The best thing we can do as parents is to be open about the possibility that our child or someone else’s child may be self-harming. We need to talk to our children and encourage them to talk to their friends about this issue.

It is increasingly important that we challenge the taboo around the discussion of self–harming, depression and suicide amongst children and young people.

 

The KJT Campaign: Discover the English Online Help Service

The KJT Online Help service provides support for parents and young people who need information, advice or support around this or any subject of concern. The service is confidential and anonymous and anyone can use it for free by contacting www.kjt.lu Please encourage children and young people to try out the service, this is an important part of them learning about where to get help if they need it in the future . The service is running a publicity campaign in schools and other places where young people meet. This month’s theme for their postcard campaign is self-harm:

The KJT Online Help Service can support children, youths and their parents in English, German, French or Luxembourgish. The English Online Help service was launched in 2015 and is presently running a publicity campaign for young people in Luxembourg.

The campaign mascot ‘Bod’ is touring schools and places where young people meet to distribute postcards to advertise this service. A new postcard will be published each month around a theme that affects children and young people.

The general theme this month is ‘how people cope’. The campaign will run for 12 months, and there is a competition with prizes to find a letter hidden in each card that makes up a 12-letter word most important to this service.

Encourage your child to look out for this publicity and even try out the service. No question or problem is too big or too small and the fully trained volunteers can provide support, information and appropriate signposting of places to get on–going support in Luxembourg. To use this service or for more information contact www.kjt.lu

Lynn Frank BSc. (Hons. Psych) MSc. (Health Promotion) is a Licensed Positive Parenting (Care for the Family UK) facilitator. She is a psychologist with over 20 years experience of working with groups and individuals, children and parents facing the challenges of modern-day living. For further information and registration, click here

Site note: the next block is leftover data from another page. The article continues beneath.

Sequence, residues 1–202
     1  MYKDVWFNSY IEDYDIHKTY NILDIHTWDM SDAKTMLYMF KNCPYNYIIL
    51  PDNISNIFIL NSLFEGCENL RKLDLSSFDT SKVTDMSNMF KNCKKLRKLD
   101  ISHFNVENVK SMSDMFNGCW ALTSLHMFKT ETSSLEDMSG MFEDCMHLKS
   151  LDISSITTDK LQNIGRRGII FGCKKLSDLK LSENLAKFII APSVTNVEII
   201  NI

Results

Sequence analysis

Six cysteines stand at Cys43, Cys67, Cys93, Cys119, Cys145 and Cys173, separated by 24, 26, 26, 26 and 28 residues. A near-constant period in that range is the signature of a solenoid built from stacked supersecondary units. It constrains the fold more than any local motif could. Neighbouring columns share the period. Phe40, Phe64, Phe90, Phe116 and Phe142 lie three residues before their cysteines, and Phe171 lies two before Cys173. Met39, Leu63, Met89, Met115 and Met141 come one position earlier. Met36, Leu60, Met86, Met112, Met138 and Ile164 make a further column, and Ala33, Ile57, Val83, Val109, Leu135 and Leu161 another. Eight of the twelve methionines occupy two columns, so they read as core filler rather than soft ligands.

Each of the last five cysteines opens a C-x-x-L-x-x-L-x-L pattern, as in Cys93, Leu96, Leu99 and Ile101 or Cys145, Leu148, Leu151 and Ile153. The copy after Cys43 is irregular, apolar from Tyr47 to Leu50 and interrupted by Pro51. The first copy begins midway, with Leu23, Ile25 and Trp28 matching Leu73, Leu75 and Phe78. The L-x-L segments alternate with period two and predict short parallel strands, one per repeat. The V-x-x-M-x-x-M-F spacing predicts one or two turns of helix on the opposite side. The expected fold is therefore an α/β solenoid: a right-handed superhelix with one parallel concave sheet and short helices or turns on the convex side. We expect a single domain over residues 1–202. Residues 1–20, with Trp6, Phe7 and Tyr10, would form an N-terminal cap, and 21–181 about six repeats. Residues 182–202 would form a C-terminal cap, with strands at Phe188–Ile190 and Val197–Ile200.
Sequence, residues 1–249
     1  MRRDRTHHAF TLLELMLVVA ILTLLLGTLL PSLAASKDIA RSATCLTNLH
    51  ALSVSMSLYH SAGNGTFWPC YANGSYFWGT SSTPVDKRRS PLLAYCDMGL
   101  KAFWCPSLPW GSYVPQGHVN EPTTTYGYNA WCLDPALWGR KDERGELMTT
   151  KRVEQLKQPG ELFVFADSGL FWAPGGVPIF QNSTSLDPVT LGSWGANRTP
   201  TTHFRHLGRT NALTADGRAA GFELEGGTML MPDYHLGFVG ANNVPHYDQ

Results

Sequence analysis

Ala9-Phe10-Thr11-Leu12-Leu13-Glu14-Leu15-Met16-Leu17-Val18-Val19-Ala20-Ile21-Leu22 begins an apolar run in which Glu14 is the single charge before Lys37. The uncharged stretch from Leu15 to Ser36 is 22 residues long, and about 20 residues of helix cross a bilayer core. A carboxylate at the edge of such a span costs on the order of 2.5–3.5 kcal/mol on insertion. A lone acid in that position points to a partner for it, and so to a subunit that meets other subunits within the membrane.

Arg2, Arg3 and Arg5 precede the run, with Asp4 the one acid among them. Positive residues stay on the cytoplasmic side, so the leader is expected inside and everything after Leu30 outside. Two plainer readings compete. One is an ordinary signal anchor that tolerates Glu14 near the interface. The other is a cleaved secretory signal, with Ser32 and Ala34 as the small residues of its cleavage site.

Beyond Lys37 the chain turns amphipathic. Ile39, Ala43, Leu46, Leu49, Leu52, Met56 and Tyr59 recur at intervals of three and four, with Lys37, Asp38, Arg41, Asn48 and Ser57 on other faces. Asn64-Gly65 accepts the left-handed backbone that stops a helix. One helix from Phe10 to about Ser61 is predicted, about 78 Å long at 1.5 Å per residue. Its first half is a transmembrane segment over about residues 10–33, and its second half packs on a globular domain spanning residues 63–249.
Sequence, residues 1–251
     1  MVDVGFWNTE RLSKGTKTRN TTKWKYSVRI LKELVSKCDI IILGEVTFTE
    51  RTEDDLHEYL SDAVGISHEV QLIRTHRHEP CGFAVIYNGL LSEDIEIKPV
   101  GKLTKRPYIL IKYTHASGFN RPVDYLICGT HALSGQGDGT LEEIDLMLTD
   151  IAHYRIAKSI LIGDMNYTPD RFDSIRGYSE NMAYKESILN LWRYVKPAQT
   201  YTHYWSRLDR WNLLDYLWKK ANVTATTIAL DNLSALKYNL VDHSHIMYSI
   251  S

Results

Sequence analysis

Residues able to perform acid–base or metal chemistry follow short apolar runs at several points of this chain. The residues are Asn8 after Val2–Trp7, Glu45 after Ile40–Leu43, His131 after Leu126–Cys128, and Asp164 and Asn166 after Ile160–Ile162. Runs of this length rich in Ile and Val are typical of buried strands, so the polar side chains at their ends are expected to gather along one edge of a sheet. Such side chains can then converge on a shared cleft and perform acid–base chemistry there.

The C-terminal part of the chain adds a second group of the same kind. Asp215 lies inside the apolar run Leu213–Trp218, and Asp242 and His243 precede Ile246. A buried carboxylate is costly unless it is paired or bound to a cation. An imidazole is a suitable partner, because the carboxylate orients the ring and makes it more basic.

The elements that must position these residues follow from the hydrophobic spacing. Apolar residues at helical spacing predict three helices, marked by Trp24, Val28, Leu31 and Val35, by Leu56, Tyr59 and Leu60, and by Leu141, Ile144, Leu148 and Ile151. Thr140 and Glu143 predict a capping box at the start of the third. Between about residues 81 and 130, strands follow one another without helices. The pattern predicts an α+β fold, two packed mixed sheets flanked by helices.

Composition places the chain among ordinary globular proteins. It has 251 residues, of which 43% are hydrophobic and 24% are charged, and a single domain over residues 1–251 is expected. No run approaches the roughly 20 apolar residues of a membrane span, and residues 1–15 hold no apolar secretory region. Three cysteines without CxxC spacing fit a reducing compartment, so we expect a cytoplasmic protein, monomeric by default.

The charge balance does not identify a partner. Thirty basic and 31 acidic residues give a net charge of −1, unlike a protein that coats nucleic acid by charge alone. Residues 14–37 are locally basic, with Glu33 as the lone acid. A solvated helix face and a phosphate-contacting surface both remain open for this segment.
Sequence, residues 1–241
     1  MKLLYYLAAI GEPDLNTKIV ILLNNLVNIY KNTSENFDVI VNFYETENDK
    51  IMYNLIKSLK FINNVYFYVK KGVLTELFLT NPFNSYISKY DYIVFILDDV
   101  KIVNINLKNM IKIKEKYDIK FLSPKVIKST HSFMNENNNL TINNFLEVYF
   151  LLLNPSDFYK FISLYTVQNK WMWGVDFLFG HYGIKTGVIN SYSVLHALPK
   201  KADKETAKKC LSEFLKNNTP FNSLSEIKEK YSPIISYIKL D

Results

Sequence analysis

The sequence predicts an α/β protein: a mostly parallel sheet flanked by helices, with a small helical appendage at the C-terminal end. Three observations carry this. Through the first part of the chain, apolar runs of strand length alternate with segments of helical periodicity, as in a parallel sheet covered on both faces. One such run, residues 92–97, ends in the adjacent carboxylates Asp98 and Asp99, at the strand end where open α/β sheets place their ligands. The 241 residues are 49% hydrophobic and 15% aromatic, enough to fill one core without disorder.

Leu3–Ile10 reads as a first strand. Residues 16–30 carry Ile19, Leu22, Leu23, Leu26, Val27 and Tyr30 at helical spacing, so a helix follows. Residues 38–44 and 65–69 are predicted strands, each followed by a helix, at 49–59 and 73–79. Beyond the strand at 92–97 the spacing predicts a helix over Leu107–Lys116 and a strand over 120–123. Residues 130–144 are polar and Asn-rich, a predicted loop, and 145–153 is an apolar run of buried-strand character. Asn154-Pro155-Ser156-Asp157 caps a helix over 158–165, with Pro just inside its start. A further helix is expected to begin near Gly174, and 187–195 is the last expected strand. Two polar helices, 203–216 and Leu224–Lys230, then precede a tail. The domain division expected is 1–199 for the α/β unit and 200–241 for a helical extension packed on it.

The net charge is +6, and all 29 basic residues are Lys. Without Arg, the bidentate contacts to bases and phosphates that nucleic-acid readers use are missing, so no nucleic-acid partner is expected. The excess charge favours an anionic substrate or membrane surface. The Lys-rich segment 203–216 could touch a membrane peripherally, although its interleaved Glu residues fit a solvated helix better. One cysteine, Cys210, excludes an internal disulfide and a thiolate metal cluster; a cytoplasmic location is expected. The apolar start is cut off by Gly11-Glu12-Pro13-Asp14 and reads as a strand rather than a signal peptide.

EVENT: Passage 5th Anniversary ‘Bring & Buy’ Birthday Bash

Save the Date!

Saturday 1st April, 12.00pm – 5.00pm
Sunflower Montessori Crèche, 72 Route de Remich, L-5330 Moutfort, Luxembourg

Our kind friends at Sunflower Montessori Crèches have generously allowed us to celebrate our own ‘rites of Passage at their site in Moutfort. The ‘Bring & Buy’ Birthday Bash will be a fundraising event for Passage to mark our 5th Anniversary and our pending a.s.b.l. status.

  • There will be good quality second-hand goods on sale;
  • Cakes and refreshments will be available to buy too;
  • Lynn from Passage and YogaBalance will be inviting all willing and limber parents and children to join in some Family Yoga Fun at 3pm (outdoors weather permitting);
  • Ophelia from the Little English Bookworm will also have a varied selection of English-language books to buy and running some reading workshops throughout the afternoon;
  • There may even be some birthday cake and crèment to toast the occasion as well!

So please save the date in your diaries and we look forward to seeing friends and family there on the 1st for some celebratory fun!

 

Photo: Anemone123/pixabay

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Lynn Frank

Lynn Frank is co-founder of Passage, a a parent support group in Luxembourg. She has worked in the voluntary sector all her life and holds a Bachelor degree in Psychology and a Masters in Public Health Education & Promotion.